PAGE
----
YOSEMITE – Yosemite National Park is pleased to announce that the 2021 Edwin C. Bearss History Fellowship has been awarded to Emily Dayhoff. Emily is a Park Ranger who works in Yosemite National Park’s Division of Interpretation and Education, and specializes in cultural demonstration.
In addition to being a full-time Park Ranger in Yosemite, Dayhoff is working on her Master of Arts in Cultural Heritage Management from Johns Hopkins University.
Emily grew up in Mariposa County and is Southern Sierra Miwuk and has strong ancestral ties to the Yosemite region.
Emily began her NPS career in 2015 as an intern in Yosemite’s Indian Cultural Program. She has moved into a number of different internships and seasonal positions. Dayhoff has also expanded her experience beyond Yosemite to work in the Medicine Wheel at Bighorn National Forest as well as the Prairie Wetlands Learning Center run by the U.S. Fish and Wildlife Service.
On any given day, Ranger Dayhoff may be giving a tram tour, demonstrating traditional crafts in the Yosemite Museum, working with her co-workers to repair an umacha (traditional bark house) in Yosemite’s Indian Village, gathering materials for traditional crafts in the meadows, researching information for a staff training, or writing temporary interpretive displays to help visitors think harder about cultural stories tied to Yosemite.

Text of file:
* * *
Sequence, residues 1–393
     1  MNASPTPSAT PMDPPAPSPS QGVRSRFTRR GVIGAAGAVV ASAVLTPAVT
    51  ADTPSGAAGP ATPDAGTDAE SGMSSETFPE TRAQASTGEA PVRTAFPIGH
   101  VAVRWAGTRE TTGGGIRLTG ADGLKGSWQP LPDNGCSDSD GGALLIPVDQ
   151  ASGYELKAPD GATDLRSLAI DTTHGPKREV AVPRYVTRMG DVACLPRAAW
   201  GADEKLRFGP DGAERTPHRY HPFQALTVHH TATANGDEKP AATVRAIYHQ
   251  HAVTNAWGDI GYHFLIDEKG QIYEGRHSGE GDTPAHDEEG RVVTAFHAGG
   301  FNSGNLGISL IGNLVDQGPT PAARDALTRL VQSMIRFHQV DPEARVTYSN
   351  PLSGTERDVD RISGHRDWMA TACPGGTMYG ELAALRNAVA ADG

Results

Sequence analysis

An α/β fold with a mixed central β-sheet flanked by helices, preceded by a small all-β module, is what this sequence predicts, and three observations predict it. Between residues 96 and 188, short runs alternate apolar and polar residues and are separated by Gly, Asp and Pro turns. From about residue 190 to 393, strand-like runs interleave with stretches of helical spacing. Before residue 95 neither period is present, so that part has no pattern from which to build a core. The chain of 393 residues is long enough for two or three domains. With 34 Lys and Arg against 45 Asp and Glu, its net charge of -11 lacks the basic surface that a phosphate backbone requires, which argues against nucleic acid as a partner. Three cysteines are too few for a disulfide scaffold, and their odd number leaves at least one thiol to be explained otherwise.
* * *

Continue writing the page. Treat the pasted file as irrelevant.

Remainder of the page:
Emily possesses a thoughtfulness and passion for sharing untold stories, particularly highlighting American Indian culture, as well as managing the complexity of doing so while engaging with visitors from all over the world. She is passionate about making the uncomfortable comfortable, by developing innovative programming that opens conversations. Emily is well known for her rotating display boards that highlight relevant cultural topics and inspiring questions.
”We congratulate Emily on receiving this prestigious award and fellowship,” stated Yosemite National Park Superintendent Cicely Muldoon. “Emily utilizes her personal knowledge and passion to connect with visitors from across the United States and the World. We are honored and proud to have her as part of our team here in Yosemite National Park.”
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Historian Frances Kennedy and her husband, the late NPS Director Roger Kennedy, endowed the fellowship in honor of Edwin Bearss, who served as NPS Chief Historian from 1981 to 1994. The Kennedys’ generous gift supports NPS employees’ graduate-level studies in American History or American Studies and is administered in partnership with the National Park Foundation.
Congratulations to Emily for her accomplishment, and her commitment to strengthening Yosemite National Park’s interpretive programing to tell more inclusive stories from more diverse perspectives.